RUSBRIDGER: No, they're not, and therefore you look at the levers that are going to change that, and there are two levers. Either some form or governmental regulation or rationing or pricing, and the second is the financial levers of people realizing that this is in a very real sense a carbon bubble. These are assets that are going to be stranded and that if you're a wise financial manager you want to get out of that before that bubble bursts. There's not much a newspaper can do about the first bit. Of course, we can lobby governments to bring in the regulations and the limits, and we look to Paris for that to happen in December, but we thought that's not going to be very engaging for readers - that feels like political wonkery. But the idea of trying to go for divestment, trying to persuade people all of the risk to their investments and for them either on moral grounds or probably more likely on their pure financial self-interest grounds to get that money out of fossil fuels before that bubble bursts. And again we're not naïve enough to think that if we rang up Shell or BP or Exxon and suggested that they keep the stuff in the ground that that was going to have much effect. But I think that all organizations like the Gates Foundation like the Wellcome Trust in the Britain which are devoted to science and medicine who are progressive in every way in terms of all of the good that they do to humanity and just say look, don't you think that you should be taking the lead in terms of not having money in these things which we know cause damage to the planet and to health.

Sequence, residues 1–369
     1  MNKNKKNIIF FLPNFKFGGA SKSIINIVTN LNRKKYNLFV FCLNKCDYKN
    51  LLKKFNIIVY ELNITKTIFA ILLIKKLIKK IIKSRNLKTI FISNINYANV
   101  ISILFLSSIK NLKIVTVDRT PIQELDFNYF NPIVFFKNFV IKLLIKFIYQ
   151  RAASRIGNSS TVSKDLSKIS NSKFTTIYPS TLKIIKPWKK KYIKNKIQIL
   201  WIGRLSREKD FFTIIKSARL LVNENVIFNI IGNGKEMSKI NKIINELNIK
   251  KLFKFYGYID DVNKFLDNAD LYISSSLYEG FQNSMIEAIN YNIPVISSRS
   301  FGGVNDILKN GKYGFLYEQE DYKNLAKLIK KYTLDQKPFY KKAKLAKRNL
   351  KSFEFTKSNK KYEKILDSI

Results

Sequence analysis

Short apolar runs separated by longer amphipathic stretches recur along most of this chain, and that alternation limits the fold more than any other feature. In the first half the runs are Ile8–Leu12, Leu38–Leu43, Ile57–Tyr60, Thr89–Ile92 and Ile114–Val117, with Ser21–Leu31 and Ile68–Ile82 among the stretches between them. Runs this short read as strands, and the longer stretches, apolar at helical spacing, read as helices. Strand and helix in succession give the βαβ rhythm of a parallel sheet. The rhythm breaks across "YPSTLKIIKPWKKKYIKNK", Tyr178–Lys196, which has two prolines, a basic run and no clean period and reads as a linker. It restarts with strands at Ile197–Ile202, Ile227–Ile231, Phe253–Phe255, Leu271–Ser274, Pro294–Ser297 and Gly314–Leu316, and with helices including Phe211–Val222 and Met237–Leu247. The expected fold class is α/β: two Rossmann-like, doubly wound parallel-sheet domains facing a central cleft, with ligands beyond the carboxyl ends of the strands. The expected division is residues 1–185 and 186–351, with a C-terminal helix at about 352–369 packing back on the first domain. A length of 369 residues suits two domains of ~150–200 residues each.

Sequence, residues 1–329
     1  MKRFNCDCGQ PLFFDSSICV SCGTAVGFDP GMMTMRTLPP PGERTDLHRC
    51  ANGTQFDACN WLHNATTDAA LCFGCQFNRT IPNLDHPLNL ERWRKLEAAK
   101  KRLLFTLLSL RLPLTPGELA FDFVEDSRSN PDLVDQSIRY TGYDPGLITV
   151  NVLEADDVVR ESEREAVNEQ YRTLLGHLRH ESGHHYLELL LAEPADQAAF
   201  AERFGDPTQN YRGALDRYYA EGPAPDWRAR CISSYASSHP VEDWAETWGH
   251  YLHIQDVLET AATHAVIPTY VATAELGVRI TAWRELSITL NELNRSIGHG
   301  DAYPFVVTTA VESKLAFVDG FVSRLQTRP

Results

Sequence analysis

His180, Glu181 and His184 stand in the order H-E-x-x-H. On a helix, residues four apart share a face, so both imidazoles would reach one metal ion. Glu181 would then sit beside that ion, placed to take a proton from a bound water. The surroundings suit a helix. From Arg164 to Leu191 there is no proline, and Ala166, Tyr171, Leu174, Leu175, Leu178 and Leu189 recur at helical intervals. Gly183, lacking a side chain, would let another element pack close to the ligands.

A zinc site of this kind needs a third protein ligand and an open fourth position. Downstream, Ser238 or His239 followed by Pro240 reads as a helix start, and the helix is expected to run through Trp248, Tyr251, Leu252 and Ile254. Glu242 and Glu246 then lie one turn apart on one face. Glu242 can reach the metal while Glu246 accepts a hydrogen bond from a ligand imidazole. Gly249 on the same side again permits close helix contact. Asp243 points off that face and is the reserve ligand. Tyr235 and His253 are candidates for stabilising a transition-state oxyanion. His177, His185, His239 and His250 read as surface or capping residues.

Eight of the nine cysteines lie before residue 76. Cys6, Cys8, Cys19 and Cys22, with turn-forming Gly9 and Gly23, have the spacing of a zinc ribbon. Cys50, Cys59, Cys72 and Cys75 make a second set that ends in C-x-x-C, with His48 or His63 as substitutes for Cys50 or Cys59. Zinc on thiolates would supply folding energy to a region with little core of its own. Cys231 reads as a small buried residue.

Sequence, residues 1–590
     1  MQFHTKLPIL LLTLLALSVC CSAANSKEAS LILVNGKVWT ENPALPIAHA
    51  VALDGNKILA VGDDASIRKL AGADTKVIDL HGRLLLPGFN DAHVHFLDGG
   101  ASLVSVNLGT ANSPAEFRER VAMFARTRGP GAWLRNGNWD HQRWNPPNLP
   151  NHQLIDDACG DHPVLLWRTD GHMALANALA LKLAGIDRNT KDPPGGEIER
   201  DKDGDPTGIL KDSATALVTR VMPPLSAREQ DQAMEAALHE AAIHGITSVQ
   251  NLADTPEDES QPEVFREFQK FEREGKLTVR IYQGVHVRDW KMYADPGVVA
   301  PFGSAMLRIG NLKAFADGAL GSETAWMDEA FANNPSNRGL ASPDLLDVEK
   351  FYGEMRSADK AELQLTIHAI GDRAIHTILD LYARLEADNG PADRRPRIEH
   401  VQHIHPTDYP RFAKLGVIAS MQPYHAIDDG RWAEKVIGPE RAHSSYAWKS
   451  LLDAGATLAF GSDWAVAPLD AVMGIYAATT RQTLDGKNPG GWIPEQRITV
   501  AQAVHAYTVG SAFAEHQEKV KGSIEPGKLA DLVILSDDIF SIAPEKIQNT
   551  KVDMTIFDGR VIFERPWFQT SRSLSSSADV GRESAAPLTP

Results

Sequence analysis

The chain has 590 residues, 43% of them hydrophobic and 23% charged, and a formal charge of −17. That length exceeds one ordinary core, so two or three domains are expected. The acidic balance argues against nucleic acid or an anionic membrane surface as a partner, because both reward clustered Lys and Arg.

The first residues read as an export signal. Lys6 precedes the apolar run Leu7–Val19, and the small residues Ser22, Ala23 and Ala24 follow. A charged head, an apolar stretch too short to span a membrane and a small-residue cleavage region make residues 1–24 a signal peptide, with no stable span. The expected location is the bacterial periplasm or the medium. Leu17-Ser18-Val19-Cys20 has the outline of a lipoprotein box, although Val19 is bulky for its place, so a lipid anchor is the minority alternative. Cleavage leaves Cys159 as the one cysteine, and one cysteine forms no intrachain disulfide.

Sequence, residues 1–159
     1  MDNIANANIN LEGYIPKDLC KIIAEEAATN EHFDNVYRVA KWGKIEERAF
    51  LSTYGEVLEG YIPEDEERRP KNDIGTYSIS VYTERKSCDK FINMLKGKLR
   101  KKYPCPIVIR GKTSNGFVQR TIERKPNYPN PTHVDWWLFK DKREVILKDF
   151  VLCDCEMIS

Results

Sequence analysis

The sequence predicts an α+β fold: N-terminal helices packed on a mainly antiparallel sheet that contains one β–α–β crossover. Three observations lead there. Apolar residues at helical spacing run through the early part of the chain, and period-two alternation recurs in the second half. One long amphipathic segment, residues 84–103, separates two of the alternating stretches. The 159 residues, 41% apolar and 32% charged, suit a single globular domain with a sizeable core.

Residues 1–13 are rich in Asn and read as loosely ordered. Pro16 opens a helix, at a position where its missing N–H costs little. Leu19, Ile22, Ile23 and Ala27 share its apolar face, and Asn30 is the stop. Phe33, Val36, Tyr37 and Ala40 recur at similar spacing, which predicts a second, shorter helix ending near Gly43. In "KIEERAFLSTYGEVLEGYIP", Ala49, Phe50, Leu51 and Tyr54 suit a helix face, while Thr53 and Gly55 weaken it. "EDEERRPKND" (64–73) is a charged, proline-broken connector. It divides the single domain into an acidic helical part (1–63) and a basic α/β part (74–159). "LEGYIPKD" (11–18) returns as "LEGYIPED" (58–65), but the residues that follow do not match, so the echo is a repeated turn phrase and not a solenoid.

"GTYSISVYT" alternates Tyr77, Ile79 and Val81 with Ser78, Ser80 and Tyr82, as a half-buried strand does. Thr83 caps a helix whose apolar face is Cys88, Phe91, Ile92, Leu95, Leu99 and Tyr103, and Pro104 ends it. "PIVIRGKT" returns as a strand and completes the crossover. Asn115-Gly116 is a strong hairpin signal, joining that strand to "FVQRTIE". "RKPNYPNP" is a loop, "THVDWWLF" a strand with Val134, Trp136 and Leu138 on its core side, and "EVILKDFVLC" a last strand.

CURWOOD: And it's kind of interesting that when you realized that your own portfolio at the Guardian had plenty of fossil fuel holdings, so what did you decide to do about that?
RUSBRIDGER: We were aware that the moment we started writing this, people would point the finger back at us. The Guardian is a company that is run by a trust. It's a not-for-profit company is the simplest way of thinking about it and we have about $8 billion dollars invested and we realized, well, people would say well it's all very well to wag your fingers at others, but what are you going to do yourselves? And I went to the GMG board, the Guardian Media Group board, and said, look this is an issue you don't have to be bound by The Guardian's reporting or campaigning but on the other hand people are going to draw attention to what you do, and actually the board went away and thought about it, board is very hard-nosed businesspeople so they weren't making a wooly-minded choice, but I think they hadn't concentrated on the issue before the moment they did they realized the sense in divesting and they came out last week and said they would be it divesting over a period two to five years from fossil fuels. So that was a commencing charging something that's the biggest fund so far that has divested.